and scientists in Korea and Japan have developed smart patches in the form of a patch. They will test human sweat for cortisol, vitamin C, glucose and other levels.
And Canadian scientists from McMaster and Brock Universities have developed a handheld device that can quickly test for cancer markers. It looks like a flash drive that is inserted directly into a smartphone. According to the idea, the user mixes his drop of blood with the reagent, inserts it into the device, connects it to his smartphone and receives the result in just a few minutes.
The Cala Trio device has been called a “breakthrough” in the treatment of patients with Parkinson’s disease. It is a watch that is calibrated to each user, stimulates the median and radial nerves and thus alleviates tremors.
Finally, Israeli startup OutSense has developed a smart toilet that analyzes you-know-what and transmits test results directly to your smartphone. Super convenient!
As you can see, there are plenty of devices that will protect and tune your sleep. But there are other health aides as well. For example, the Kinsa smart thermometer, which plugs directly to your smartphone and works on it.
Or a mirror, which is called Mirror. The LCD display has a built-in microphone, speakers and a camera, which helps a person to work out. The memory of the mirror is loaded with more than 50 sports programs from yoga to boxing. You can wear special wearable sensors and transmit your athletic performance so the mirror picks up a fully personalized program.
What can you buy now?
Smartwatches have long been counting heart rate, tracking sleep, and that novelty from Apple will also check how carefully you washed your hands. Attitudes toward smartwatches are divided into two camps. For some, it is a constant and important assistant in an active rhythm of life, while others will not stop laughing at how smart watches measure the pulse of a sausage and a roll of toilet paper.
We can take a middle ground: smartwatch options are useful, but not always accurate, and they should not be used as a substitute for a doctor’s examination and diagnosis. Even if they say that the Apple Watch takes ECGs like in a hospital. But it doesn’t stop at smartwatches alone. Dozens of smart gadgets, which only five years ago were only thought of by startups, already exist.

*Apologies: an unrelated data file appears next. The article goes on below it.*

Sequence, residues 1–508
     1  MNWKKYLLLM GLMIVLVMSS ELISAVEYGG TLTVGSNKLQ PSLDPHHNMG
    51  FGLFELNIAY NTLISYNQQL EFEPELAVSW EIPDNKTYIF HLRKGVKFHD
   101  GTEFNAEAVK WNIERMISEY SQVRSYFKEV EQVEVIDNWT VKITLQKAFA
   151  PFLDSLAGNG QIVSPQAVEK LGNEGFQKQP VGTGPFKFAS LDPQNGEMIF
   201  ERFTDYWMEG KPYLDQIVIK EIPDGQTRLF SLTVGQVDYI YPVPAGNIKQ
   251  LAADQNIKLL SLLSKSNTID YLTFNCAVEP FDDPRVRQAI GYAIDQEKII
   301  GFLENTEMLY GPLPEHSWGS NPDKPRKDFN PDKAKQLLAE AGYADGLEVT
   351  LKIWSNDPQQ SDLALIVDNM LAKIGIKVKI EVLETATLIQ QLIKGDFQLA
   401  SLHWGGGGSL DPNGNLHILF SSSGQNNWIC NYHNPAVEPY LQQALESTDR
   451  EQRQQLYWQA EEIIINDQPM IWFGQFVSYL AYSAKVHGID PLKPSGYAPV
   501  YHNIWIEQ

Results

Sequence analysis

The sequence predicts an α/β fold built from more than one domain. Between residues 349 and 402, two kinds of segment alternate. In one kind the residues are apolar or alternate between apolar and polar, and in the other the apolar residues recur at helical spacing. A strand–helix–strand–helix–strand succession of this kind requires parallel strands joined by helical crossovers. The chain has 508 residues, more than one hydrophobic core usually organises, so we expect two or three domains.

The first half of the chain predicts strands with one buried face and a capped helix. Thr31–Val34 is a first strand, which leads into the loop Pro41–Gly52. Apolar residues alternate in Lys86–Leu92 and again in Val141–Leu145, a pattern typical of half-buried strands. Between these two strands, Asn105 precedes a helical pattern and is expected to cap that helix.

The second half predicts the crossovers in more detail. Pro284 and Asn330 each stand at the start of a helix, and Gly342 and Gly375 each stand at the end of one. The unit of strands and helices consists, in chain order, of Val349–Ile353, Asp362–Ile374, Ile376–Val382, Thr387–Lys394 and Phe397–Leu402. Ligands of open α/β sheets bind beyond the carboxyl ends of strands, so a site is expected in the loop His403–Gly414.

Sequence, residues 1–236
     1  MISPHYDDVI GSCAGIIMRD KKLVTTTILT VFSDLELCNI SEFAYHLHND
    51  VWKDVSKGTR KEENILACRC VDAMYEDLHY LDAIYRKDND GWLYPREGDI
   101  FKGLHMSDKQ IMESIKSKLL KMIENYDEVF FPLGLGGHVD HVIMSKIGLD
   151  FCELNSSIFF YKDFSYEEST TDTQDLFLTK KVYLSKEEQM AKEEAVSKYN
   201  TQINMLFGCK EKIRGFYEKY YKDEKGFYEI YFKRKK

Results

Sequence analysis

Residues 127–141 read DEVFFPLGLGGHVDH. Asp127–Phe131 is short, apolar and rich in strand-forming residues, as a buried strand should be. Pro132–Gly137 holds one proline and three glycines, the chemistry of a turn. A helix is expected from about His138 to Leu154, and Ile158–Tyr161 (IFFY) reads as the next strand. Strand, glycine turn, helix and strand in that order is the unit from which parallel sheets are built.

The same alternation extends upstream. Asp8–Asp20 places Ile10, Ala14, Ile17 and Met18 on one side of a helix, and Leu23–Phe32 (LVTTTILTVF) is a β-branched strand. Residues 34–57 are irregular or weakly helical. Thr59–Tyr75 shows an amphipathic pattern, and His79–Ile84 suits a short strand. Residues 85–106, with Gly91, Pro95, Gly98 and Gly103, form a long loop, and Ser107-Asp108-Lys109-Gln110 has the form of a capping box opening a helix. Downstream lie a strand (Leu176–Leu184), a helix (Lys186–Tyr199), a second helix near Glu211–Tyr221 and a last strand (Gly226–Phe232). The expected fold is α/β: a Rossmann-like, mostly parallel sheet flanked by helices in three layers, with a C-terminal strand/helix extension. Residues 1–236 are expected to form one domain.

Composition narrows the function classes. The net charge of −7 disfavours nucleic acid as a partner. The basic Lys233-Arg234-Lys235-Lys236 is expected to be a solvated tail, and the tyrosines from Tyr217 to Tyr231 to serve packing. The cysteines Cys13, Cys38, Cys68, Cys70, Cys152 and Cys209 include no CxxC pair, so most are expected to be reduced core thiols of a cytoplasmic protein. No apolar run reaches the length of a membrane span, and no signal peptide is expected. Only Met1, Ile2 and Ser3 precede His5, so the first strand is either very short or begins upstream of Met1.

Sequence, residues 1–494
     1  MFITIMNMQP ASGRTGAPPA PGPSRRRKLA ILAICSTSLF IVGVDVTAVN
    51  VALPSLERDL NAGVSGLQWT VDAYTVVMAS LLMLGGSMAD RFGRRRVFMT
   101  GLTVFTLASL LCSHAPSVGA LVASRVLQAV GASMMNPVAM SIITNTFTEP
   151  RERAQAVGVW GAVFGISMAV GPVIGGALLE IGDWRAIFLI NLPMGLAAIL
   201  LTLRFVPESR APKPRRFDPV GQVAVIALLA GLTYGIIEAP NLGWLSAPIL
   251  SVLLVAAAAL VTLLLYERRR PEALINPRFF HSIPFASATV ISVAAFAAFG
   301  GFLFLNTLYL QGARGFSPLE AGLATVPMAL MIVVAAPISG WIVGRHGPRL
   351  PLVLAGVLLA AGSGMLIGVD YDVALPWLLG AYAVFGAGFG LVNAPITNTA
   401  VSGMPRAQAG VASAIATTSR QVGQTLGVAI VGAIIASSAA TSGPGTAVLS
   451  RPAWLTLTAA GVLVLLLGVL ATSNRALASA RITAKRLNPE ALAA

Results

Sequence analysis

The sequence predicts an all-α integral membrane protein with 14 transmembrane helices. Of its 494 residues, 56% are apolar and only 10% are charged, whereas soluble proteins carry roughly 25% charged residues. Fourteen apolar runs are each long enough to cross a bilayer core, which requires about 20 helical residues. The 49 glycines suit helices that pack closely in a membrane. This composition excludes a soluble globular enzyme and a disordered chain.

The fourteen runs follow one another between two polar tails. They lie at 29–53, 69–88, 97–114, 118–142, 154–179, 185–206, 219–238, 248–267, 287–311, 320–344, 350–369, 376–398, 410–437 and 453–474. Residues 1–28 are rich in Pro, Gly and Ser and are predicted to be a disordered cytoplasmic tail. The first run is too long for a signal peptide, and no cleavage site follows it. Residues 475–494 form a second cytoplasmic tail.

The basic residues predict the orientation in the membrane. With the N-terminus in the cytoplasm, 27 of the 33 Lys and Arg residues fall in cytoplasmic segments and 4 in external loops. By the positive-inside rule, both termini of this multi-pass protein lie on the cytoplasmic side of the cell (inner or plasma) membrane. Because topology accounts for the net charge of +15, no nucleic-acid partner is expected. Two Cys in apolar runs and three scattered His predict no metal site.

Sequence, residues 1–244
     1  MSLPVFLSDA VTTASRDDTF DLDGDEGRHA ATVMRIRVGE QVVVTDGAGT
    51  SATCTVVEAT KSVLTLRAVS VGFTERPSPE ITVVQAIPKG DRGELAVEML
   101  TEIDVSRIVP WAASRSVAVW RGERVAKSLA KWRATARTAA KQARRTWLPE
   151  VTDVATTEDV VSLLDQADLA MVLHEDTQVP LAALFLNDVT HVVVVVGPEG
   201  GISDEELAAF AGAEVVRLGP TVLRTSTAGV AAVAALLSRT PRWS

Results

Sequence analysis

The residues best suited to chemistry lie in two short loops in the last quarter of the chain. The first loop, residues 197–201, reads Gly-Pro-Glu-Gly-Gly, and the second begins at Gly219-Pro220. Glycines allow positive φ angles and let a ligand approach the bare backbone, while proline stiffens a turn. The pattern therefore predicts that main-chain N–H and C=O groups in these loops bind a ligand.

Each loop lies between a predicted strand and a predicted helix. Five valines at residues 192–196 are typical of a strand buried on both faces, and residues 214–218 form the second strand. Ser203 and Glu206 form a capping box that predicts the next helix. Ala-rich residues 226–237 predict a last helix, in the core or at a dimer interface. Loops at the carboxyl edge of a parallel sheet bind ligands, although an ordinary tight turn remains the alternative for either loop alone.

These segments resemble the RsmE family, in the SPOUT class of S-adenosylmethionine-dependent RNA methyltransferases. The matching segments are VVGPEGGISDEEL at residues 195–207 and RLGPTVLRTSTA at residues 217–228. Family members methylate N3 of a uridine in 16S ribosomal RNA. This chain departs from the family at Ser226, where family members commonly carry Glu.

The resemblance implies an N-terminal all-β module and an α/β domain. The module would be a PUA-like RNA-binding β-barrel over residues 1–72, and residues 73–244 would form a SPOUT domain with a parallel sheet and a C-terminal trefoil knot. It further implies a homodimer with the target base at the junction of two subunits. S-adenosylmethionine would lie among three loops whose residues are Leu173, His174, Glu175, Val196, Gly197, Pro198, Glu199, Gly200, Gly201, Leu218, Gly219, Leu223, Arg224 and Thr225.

Special attention among smart gadgets is paid to the quality of sleep. Smart pillows, blankets and even mattresses closely monitor how and how much you sleep.
For example, the smart pillow ZEEQ is some kind of interactive assistant. It can quietly play music on a timer if you can’t fall asleep in silence. Motion sensors and a microphone check the quality of sleep, and thanks to a slight vibration will make a snoring person turn to the other side. There’s even a smart alarm clock – sensors pick up the best time to wake up, and increasing vibration brings you out of sleep.
The orthopedic pillow Askona Smart Pillow Axis has similar functions – it analyzes the quality of sleep and transmits the data to the app on your smartphone, prevents snoring and protects against apnea.
A step further – a smart blanket like Smartduvet. It heats or cools itself to the optimal temperature and, attention, it refills itself!
The super combo is the smart bed. Sleep Number company produces the beds of the future. It looks ordinary, but in fact it is stuffed with all sorts of sensors. They adjust the hardness of the mattress, heat the leg area, scan the quality of sleep, raise the headboard for snoring, wake up according to the schedule, make a schedule of sleep and wakefulness. In general, a spaceship, not a bed.
Even now you can get quite affordable environmental sensors in a smart home system and wear a smartwatch on your wrist. Even information about heart rate, sleep rhythms and calories expended will already give you an understanding of which way to adjust your lifestyle. In the future, medical smart gadgets and smart home options will make health care even easier and more convenient.